Back in the late 1970s, a motley crew of Vietnam War vets, sympathetic psychiatrists, antiwar activists, and church groups undertook a crusade to have a hastily-assembled new diagnosis almost completely innocent of scientific research included in the DSM-III. Driven by a sense of mission and responsibility to the huge population of Vietnam vets and buoyed by the accumulating everyday clinical evidence that their war experience had profoundly disrupted the lives of thousands and thousands of young men, this unlikely coalition prevailed. Once established as a distinct disorder in the official manual of psychiatric diagnoses, the otherwise unaccountable behavior of badass vets—their hair-trigger tempers, violence toward wives and girlfriends, drinking and drugging, difficulty getting and keeping jobs, social alienation—suddenly made sense. There was a reason for it and the reason had a name and that name was post-traumatic stress disorder (PTSD). By giving words—a verbal shape, a definition—to an amorphous constellation of symptoms, what had before been invisible became a part of standard professional discourse.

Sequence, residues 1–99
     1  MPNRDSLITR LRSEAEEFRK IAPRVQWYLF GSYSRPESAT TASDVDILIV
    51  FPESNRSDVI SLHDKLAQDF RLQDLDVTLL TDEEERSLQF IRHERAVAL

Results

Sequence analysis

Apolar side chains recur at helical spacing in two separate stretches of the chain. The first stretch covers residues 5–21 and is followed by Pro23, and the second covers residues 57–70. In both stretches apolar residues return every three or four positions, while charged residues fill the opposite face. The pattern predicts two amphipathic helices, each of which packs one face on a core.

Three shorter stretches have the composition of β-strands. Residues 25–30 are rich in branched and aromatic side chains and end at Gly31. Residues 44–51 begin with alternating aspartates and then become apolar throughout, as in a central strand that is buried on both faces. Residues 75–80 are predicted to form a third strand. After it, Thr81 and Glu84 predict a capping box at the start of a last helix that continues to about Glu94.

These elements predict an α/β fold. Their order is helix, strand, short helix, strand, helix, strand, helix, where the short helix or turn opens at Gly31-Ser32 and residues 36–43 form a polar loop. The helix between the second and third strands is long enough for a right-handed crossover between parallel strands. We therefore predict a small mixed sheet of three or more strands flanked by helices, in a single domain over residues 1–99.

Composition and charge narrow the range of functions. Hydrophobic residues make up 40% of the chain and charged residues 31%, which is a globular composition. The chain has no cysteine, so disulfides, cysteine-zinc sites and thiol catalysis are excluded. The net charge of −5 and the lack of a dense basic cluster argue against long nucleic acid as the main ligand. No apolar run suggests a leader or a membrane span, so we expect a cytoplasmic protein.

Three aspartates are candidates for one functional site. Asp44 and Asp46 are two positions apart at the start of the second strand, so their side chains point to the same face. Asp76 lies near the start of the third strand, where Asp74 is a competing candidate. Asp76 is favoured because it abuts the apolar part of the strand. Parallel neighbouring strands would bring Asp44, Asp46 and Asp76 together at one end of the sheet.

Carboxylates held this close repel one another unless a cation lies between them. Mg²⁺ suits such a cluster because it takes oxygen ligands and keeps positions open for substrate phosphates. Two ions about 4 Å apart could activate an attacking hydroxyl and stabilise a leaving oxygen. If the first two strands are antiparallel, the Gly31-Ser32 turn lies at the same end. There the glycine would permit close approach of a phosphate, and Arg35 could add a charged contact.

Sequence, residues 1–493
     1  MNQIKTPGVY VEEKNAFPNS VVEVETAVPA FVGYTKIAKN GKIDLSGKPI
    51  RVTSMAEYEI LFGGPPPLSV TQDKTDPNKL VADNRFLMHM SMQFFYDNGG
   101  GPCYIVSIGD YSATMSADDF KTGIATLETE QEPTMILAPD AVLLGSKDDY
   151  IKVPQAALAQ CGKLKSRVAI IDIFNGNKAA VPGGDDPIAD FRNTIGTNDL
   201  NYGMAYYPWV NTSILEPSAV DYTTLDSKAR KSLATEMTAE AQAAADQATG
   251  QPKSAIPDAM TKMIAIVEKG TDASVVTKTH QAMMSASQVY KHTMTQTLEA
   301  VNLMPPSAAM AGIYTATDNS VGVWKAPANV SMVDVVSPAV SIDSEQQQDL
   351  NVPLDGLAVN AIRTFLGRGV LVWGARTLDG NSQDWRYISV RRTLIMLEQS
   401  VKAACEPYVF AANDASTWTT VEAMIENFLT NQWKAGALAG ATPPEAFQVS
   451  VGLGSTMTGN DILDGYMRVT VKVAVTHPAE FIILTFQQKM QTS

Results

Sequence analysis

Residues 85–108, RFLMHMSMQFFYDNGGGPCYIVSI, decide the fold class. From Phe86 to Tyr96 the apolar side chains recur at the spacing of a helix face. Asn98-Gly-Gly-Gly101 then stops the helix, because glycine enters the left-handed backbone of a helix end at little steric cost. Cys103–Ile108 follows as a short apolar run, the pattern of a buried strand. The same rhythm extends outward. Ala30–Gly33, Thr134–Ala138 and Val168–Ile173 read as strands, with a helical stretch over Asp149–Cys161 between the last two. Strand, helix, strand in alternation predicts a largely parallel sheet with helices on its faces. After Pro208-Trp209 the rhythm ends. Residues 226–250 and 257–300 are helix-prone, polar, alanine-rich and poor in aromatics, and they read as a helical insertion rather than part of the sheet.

As a diagnosis, PTSD is quite straightforward. A person is exposed to a traumatic event or events "that involved actual or threatened death or serious injury, or a threat to the physical integrity of self or others," causing "intense fear, helplessness, or horror," and followed, down the line, by variations on intrusive reexperiencing of the event…
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